But Delphi is about to take its Audi on a 3,500-mile trek from San Francisco to New York, during which it will collect terabytes of data for use as it continues to develop self-driving technologies. Depending on how you define “self-driving” and whom you believe, automated cars are either just around the corner or still a couple of decades from reality.

The fact that Delphi’s car drove itself pretty much like a human would have—stopping at safe distances at stop lights, switching lanes when necessary, and not doing anything which felt particularly robotic—didn’t startle me. John Absmeier, director of Delphi’s global automated vehicle business development, announced the ambitious autonomous road trip last weekend at the Connected Car Pavilion in Austin, Texas during SXSW (which, full disclosure, I helped organize). Unlike the Google car I’d rode in, there was no giant spinning lidar sensor atop the vehicle to tip off other motorists that this particular Audi SUV was anything unusual. Hossam Bahlool, director of automotive products for Telenav, which produces navigation products and is working on self-driving technology, describes the public perception as “Hollywoodesque,” though he acknowledges it would be enjoyable to sit back and sip an after-work drink on the drive home. “My concern is that the public’s expectations have been raised to unreasonable levels because of the hype out there on the Internet,” said Steven Shladover, a research engineer with a UC Berkeley advanced transportation program. “It is our job to rein that in a bit. … It was well equipped with lidar, radar, and cameras, but they were unobtrusive—some of the gadgetry was even concealed behind the bumpers and license plate.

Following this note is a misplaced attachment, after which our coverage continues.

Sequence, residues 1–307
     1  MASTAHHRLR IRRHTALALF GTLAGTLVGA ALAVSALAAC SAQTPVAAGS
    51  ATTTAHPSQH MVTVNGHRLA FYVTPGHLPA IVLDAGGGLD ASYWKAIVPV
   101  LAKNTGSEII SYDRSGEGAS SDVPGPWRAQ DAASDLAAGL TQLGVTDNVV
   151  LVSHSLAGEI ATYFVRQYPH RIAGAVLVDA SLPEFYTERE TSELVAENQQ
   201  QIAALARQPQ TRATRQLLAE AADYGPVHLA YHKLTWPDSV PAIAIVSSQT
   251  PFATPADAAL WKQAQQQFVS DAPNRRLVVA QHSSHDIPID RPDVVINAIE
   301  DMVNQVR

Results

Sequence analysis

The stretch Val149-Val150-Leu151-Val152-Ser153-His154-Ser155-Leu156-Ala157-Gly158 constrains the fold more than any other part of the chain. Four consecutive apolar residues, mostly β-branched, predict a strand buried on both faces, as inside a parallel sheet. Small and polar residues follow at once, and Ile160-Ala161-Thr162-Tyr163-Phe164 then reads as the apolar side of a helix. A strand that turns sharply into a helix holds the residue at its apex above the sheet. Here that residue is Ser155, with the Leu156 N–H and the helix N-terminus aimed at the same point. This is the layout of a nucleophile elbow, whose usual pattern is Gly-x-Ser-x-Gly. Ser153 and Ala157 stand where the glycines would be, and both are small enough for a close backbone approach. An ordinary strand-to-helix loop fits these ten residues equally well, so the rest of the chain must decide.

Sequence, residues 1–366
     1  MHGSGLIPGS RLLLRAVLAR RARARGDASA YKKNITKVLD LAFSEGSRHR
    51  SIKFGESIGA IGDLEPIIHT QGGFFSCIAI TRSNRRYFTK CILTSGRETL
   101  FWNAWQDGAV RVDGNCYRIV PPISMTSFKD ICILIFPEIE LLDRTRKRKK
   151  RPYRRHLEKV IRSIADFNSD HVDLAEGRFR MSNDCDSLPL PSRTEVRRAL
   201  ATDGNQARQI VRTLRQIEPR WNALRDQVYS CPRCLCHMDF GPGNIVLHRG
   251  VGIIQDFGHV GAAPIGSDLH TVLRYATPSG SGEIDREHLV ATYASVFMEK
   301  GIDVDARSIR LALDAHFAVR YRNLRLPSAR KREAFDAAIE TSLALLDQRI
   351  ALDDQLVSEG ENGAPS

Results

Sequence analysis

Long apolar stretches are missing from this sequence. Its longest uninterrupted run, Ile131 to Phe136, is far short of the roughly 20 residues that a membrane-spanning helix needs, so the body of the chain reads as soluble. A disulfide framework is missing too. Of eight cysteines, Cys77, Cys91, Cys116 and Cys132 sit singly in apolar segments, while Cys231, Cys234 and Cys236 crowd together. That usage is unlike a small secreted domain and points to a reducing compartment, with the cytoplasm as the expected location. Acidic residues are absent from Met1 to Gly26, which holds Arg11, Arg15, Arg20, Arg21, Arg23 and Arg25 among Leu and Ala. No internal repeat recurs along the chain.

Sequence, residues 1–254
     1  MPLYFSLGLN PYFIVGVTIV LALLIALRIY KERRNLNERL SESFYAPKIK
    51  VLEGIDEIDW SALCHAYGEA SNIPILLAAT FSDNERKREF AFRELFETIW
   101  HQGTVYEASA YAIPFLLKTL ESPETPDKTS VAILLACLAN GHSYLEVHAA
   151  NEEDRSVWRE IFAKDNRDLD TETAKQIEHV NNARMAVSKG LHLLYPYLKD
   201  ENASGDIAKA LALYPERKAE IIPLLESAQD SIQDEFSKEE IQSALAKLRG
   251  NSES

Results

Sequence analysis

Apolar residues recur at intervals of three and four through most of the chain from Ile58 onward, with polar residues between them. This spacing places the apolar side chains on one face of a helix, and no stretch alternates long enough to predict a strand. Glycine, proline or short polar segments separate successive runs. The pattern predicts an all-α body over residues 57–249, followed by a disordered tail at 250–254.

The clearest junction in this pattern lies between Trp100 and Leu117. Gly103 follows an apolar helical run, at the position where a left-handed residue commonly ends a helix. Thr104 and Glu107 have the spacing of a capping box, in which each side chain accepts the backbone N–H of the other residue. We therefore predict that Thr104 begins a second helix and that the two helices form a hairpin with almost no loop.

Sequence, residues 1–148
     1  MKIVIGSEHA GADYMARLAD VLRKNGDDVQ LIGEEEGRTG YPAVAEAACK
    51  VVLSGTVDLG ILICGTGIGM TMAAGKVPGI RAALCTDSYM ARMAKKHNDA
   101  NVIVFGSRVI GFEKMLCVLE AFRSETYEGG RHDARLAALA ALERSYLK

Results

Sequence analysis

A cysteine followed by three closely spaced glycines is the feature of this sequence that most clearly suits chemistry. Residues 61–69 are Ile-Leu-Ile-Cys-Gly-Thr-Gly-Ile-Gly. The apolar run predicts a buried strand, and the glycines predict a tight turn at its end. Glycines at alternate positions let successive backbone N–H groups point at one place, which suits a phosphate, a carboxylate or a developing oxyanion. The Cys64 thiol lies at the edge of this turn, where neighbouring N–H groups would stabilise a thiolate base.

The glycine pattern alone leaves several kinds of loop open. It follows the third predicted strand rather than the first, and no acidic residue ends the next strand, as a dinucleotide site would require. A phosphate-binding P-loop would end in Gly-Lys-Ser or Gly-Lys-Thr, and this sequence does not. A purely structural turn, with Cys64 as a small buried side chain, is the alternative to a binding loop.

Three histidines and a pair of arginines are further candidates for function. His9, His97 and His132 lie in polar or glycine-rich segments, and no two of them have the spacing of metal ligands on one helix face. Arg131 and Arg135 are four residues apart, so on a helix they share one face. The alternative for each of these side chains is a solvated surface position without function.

Compared to the production cars that Google has pressed into service as self-driving technology mules (and which feature gumball-machine-like LIDAR sensors on the roof), the Delphi Audi SQ5 looks much like an off-the-lot production vehicle, save for prominent logos. I’m sometimes the skunk at the picnic when I say it’s probably not going to happen anytime soon.” Automotive automation is already on the market and is becoming increasingly common. And the tech didn’t take up an out-of-the-ordinary amount of space, which I didn’t realize until after the trip was over and we popped the trunk, which was empty. That such an mundane-looking car could do something so extraordinary is in part just a sign of how much progress the industry has made tackling the challenge of autonomy.

The National Highway Traffic Safety Administration, and most automated car developers, use a five-stage progression to both describe and envision the advance of self-controlled cars. In addition to a variety of road conditions, the vehicle will also have to navigate murky legal territory since most states don’t yet have laws on the book regarding the operation on self-driving cars.